Utility and Demand
Dear Dr. Homoeconomicus:
In Microeconomics we've been getting into this seriously abstract theoretical stuff
and I've been wondering about this marginal utility thing, total utility thing, and what in
tarnation they have to do with one another, let alone with what they have to do with
Like, this demand concept is easy:
of course people buy more of something
when the price is low than when the price is high because they can, like duh!
does this utility thing have to do with it?
The objective of economics is to explain
people purchase more of something
when the price is low than when it is high.
To perceive is easy, to understand -- explain a
process using reason-- is more difficult.
Indeed, this is what separtes humans from
The essentiality of this distinction may be illuminated by a short story.
In 1870 the English economist Stanley Jevons, while reading
, found an article describing an instrument that could be used to measure utility, the
psychologists discovered an interesting property associated with consuming things:
discovered that, in general, the more we consume of something the more satisfaction we
For instance, after a long hard day of work in the coal mines near Sheffield, a person
becomes quite thirsty.
A cold beverage helps quench that thirst.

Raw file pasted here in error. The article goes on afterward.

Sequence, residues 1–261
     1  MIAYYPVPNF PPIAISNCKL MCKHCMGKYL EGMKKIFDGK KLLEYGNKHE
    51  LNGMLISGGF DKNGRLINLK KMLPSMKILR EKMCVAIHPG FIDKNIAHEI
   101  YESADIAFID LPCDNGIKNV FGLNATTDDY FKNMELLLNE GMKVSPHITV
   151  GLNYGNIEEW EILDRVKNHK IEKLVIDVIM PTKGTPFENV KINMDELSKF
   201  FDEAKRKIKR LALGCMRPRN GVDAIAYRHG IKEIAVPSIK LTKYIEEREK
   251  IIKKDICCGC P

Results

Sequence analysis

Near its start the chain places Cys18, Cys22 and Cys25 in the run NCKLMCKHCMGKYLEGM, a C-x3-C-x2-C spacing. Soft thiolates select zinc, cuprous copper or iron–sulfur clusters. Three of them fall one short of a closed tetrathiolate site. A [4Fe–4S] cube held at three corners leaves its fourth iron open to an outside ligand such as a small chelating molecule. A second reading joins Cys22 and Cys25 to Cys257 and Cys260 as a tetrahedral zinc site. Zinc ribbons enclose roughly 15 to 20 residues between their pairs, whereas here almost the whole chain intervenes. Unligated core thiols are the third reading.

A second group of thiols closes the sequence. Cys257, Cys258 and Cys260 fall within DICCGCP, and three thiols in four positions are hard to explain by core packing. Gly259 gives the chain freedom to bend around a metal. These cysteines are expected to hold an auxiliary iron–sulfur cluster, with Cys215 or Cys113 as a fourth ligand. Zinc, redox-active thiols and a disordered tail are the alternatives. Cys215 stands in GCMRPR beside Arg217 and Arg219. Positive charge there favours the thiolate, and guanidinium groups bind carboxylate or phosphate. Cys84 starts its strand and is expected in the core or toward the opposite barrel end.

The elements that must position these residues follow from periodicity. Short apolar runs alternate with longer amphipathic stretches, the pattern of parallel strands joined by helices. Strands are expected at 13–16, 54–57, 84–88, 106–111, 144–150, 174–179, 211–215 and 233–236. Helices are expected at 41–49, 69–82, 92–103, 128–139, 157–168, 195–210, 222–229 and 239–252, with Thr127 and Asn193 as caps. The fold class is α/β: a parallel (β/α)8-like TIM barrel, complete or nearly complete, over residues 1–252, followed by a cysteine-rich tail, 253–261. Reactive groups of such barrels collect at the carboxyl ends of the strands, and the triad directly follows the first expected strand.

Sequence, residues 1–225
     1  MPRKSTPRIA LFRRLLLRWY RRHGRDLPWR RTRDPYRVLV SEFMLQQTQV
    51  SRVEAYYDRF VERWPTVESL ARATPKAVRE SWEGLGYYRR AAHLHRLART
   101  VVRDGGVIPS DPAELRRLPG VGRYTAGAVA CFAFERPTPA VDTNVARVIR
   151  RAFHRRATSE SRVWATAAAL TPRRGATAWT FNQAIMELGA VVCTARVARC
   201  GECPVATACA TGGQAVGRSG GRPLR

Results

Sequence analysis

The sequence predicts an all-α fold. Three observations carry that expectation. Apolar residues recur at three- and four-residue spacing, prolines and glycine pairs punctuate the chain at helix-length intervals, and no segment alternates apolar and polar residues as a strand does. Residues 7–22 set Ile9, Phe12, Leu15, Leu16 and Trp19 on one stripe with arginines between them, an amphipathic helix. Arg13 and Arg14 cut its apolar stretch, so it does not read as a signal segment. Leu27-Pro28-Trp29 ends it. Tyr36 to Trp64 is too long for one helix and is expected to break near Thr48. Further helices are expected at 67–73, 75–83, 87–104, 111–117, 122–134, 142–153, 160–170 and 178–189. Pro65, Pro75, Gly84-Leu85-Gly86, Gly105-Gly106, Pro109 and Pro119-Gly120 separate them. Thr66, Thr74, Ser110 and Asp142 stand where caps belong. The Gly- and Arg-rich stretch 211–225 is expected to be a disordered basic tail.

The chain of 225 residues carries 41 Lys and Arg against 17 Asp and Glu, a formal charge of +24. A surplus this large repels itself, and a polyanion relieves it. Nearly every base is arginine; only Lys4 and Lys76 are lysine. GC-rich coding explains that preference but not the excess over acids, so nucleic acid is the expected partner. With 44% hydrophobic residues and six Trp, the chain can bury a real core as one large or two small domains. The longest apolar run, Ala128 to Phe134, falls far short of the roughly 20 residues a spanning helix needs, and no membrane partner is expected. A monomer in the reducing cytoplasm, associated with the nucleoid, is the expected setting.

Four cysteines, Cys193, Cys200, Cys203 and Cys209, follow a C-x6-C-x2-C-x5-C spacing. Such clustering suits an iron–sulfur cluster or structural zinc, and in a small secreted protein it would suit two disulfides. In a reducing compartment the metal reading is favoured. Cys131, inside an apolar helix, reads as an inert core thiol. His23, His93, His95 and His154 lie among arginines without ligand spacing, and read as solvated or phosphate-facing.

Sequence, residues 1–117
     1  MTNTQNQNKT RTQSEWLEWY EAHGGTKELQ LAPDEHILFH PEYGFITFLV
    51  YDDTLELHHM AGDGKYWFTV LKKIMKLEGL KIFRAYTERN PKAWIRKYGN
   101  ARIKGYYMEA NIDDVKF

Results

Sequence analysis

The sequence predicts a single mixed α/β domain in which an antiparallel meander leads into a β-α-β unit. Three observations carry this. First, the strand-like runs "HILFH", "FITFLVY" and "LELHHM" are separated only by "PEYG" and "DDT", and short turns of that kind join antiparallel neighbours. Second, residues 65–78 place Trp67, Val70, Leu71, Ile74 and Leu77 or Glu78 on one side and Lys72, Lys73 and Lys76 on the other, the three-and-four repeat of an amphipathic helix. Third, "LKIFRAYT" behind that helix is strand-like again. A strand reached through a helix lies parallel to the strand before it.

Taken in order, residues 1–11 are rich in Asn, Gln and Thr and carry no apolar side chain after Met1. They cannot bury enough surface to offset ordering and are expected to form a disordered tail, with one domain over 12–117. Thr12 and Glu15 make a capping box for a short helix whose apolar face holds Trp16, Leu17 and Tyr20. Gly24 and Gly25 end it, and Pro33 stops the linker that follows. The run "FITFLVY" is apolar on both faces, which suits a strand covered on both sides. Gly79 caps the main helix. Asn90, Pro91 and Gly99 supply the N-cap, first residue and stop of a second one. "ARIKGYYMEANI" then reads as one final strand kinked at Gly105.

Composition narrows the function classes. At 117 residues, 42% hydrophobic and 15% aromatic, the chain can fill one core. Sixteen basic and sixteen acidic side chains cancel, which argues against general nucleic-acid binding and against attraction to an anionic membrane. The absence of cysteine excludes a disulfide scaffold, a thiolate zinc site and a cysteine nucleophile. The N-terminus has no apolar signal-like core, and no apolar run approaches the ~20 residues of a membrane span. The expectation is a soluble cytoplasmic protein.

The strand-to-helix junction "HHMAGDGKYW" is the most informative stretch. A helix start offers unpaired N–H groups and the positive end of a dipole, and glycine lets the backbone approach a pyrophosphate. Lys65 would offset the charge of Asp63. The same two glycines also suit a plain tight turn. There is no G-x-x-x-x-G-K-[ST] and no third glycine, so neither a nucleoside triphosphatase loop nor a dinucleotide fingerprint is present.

Multiple cold beverages
quench it even more.
The more cold beverages, the more quenching, and so on.
psychologists were very excited about this discovery and immediately began to consider
how it might solve mysteries about the id, the ego, and how each might be expressed in
sexually oriented dream sequences.
Now Jevons wasn't concerned with the psychological
applications, especially the latter as he was an economist (economists do it with tables of
numbers, equations and graphs), i.e, they are human unlike.
Rather, he wanted to
resolve the diamond-water paradox and become totally famous.
So, he purchased a
utilimeter (mail ordered to avoid an 8% sales tax) and began experimenting.
attach the utilimeter to his microeconomics' students, then gorge them with tea and
crumpets (Brits have a clear disdain for beer and brats).
In the process he made a startling
while each additional unit of tea and crumpets